Stroll through this converted 1950s power station, looking at the chronological development of Modern Art from 1900 to 2000 and beyond.
We shall cover works by the Cubists, the Purists, the Dadaists, the Surrealists, the Conceptualists, the Minimalist artists and also the latest installations. Learn how to put 'isms' into boxes and enjoy the fun and excitement of Modern Art.
The National Gallery - London
The National Gallery contains paintings from 1200 to 1900 and provides the ideal setting for contemplating the History of Western Art. We begin with the Renaissance - Saints, Demons, Angels, Altarpieces and portraits. Have you ever considered where halos originated - or who organised angels into ranks and choirs?
We then move on to the Baroque - all those open gestures and rich Ruben’s style compositions. Then we continue forward through the 17th & 18th centuries - from England's landowners to the artistically critical Hogarth, and then, towards Impressionism. We finish with Post Impressionism - Renoir, Seurat and Cezanne - and the beginnings of Modern painting.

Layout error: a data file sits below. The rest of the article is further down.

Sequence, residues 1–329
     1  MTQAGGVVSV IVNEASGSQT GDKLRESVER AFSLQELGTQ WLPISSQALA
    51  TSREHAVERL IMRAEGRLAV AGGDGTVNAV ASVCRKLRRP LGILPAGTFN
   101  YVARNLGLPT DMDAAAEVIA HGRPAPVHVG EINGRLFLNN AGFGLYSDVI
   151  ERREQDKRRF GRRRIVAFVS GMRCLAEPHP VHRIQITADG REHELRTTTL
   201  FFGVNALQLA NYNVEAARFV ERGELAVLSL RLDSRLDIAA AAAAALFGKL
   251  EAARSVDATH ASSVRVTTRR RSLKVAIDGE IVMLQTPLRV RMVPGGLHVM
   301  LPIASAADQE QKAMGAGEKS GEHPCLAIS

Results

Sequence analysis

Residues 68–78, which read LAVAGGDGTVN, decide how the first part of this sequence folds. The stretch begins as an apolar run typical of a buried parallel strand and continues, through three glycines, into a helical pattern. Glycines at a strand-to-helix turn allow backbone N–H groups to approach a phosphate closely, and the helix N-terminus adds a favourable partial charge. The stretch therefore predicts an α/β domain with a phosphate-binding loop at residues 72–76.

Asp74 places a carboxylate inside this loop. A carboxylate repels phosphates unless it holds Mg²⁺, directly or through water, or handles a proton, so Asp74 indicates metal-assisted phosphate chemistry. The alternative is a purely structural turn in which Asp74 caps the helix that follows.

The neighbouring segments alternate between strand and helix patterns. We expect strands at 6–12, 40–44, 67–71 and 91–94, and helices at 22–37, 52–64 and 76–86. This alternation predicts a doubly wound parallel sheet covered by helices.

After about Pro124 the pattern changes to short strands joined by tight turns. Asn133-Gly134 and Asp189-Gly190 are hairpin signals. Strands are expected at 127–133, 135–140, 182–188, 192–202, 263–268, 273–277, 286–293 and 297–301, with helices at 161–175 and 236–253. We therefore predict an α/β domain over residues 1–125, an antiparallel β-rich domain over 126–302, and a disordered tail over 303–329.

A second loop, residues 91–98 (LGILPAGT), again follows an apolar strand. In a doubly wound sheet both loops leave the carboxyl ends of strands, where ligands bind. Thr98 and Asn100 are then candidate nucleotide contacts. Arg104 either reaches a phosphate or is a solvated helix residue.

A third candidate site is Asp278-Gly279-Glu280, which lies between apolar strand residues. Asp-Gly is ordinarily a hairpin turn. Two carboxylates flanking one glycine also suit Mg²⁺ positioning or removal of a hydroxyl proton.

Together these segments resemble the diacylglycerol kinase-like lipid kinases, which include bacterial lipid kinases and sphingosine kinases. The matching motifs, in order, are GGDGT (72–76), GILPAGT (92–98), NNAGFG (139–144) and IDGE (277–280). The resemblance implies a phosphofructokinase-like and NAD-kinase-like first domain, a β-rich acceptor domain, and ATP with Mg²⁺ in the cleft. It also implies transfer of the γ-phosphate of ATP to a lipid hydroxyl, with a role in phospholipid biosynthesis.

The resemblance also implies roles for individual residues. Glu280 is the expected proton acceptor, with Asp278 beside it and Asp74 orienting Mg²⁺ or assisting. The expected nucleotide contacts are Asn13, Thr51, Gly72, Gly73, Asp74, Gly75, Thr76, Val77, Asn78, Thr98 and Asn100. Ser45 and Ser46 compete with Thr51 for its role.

A Brief History of Art - National Gallery & National Portrait Gallery
Focussing on the National Gallery, this tour will chronologically categorise styles in European art. This treasure trove of paintings, spanning the 13th to the 20th century, details the progression of art, from purely ecclesiastical subject matter commissioned by the Church, to the recorded daily lives of the aristocracy through displays of their great wealth, on to the rich merchant who commissioned work because he could, and finally to artists who practised for the love of art. This can be continued in the National Portrait Gallery next door, which brings the visitor into the 21st century and completes the journey. The roof-top restaurant offers an unparalleled vista of Trafalgar Square and across Whitehall to the Houses of Parliament, Big Ben and the London Eye.
An Eclectic Taste - The Wallace Collection
The Wallace Collection is a personal anthology of three generations of one family; started by the 3rd Marquis of Hertford in the 18th century and finishing with Sir Richard Wallace, his illegitimate grandson, in 1876. The artefacts are displayed in an imposing house tucked away in a quiet square behind Selfridges.